Whenever you drive in Missouri, you need to carry car insurance. However, the policy you need will likely vary based on your driving characteristics. If you plan to drive for business, rather than strictly for personal needs, you usually must transition to commercial auto insurance. How do you do this? Will your auto insurance rates change because of the nature of your coverage?
Commercial auto insurance is an entirely different realm of coverage from personal auto insurance. Thus, if you need this coverage, do not consider it optional. Think of it as critical protection for you, your vehicle, your business and others.
What Is Commercial Auto Insurance?
Missouri, like most states, requires all registered drivers to carry car insurance. The required coverages are liability insurance and uninsured motorist coverage. Show Me State drivers must obtain at least these amounts of coverage. Of course, expanded auto insurance options often prove much more secure.
Yet, all personal car insurance policies have limits and exclusions. When it comes to business operations, you might find that you do not have coverage. In other words, you might find that if you drive for work tasks, your personal policy won't cover you. Should you have an accident, you might find yourself with no protection.
To have coverage in such scenarios, you'll likely need commercial auto insurance. This coverage will protect both you as the driver. It will also your business's interest in the vehicle. The policy will apply in many commercial situations.
Why Do You Need It?
You might wonder when you might need to use your commercial auto insurance policy. Think about this in terms of the harm that might come to your business if you cause a car wreck.
Let's look at an example. Perhaps you are a realtor and drive frequently to show properties. During these drives, you operate your car in a business capacity. This is not personal use.
Let's say that you hit another vehicle. The other driver sustains personal injuries and damage to their vehicle. They also figure out that you are a realtor. Therefore, they might sue you and your company for some of their losses. Both parties, therefore, could stand to lose out.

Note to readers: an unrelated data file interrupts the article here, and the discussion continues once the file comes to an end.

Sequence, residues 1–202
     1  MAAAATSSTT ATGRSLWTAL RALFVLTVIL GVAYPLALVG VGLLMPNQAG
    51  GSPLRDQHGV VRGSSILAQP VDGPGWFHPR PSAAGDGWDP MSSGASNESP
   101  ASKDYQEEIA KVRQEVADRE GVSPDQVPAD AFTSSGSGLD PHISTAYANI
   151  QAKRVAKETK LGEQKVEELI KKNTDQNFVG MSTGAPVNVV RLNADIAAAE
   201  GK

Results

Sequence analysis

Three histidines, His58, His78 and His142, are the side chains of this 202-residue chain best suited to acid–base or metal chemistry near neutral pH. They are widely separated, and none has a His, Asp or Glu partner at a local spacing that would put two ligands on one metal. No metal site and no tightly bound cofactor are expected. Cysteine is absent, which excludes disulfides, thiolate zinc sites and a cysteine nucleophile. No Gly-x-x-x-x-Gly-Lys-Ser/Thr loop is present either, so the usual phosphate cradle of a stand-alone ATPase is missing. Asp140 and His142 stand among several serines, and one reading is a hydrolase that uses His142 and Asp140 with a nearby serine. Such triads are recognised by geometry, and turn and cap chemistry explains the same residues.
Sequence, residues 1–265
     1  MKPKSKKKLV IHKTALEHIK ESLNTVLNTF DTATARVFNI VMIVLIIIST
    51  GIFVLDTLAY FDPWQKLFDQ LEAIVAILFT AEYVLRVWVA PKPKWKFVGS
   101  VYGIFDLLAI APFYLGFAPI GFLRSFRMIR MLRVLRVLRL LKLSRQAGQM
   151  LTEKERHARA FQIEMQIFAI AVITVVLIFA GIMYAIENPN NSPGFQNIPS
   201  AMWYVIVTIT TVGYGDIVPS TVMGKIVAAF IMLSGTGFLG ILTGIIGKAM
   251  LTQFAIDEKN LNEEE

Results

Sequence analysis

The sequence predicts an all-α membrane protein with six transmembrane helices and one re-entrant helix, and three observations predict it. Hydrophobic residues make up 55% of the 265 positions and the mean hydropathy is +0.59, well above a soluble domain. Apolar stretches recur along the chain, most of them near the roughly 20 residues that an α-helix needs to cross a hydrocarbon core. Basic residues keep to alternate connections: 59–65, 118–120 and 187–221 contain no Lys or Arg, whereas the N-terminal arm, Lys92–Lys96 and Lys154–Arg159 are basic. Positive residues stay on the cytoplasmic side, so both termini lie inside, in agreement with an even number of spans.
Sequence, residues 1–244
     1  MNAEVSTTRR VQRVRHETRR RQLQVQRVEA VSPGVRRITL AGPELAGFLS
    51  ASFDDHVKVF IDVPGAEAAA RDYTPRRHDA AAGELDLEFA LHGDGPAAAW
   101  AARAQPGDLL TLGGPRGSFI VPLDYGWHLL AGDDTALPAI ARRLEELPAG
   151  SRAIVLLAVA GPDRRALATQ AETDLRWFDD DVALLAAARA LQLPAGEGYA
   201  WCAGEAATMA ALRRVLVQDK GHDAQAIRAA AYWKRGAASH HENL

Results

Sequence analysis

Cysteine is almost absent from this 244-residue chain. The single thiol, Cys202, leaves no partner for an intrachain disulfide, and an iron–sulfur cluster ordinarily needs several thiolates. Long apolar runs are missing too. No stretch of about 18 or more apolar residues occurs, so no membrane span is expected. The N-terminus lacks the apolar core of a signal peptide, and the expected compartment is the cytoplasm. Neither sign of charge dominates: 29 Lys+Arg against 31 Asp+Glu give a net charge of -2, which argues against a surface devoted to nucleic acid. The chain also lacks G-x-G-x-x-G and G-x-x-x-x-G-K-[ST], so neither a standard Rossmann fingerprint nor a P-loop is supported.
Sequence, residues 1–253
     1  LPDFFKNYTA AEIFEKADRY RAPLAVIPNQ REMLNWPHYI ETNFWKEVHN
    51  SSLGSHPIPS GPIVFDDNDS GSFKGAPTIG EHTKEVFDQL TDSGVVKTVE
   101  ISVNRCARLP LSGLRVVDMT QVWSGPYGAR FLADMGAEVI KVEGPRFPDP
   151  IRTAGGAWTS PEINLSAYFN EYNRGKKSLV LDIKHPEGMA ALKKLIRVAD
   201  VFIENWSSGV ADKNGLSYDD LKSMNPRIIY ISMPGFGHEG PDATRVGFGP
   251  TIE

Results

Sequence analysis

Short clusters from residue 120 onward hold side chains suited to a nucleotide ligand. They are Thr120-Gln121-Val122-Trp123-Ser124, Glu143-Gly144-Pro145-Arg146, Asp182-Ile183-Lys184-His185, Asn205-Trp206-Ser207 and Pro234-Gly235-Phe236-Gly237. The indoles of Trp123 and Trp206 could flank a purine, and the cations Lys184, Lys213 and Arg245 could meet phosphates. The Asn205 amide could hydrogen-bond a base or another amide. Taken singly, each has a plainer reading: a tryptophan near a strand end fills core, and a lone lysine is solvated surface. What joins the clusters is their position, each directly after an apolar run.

This is a prime example of when commercial auto insurance can come into play. Rather than having to settle the damages using your business assets, your commercial auto insurance will often come into play. If you only had a personal auto policy, you might not have had coverage for these losses.
What Will It Cover?
Your commercial auto insurance will look a lot like your personal coverage. Coverage options might include:
- Liability Insurance: All policies will include at least Missouri's required limits. If you are at-fault in a wreck, it will cover you in the event you cause injuries to someone else or damage their vehicle.
- Collision Coverage: In the event you have a wreck, coverage can help you pay for the damage to your own vehicle. You likely won't have to dig into commercial assets to pay for repairs.
- Comprehensive Insurance: Like collision insurance, this coverage will help you pay for damage to your vehicle. However, it will pay for damage arising from incidents unrelated to wrecks. For example, policies frequently cover fire, weather, theft, vandalism and similar damage.
- Uninsured/Underinsured Coverage: The state requires drivers to carry at least uninsured coverage. It will pay for damage to your own vehicle that an uninsured driver causes. The underinsured coverage will come into play if another driver does not have enough liability coverage for your losses.
The policy's limits will usually run higher than standardized, personal coverage. That will provide a better layer of financial protection for business assets.
When Should You Switch Coverage?
When is the time to transition from a personal auto policy to commercial auto coverage? That will depend on when you will start using your vehicle for business.
- Individuals who drive personal cars for business will need to insure their vehicles under commercial auto policies. Keep in mind, simply using your car to drive to and from work likely doesn't warrant this coverage. Neither will running an occasional work errand. Still, other official duties might qualify.
- Those who use a vehicle provided by their business should have commercial auto in place.
You will usually need to switch from personal to commercial coverage immediately upon starting your official driving duties. In fact, you should enroll in coverage before the official start date. That way, you'll never face any unnecessary lapses in coverage.
Generally, coverage enrollment won't prove very hard. To begin, you'll likely need to provide standard information — such as your vehicle type, driver's license information and VIN.
You'll also likely have to provide certain information about your business itself. Both driver and business entity will likely appear as named insured parties. Other potential drivers might need to appear on the policy as well.
If you work for someone — meaning you are not self-employed — discuss the ins and outs of your coverage needs with your employer. Your boss will likely need to work alongside you in determining the right coverage. Therefore, don't hesitate to take an in-depth look at your coverage needs.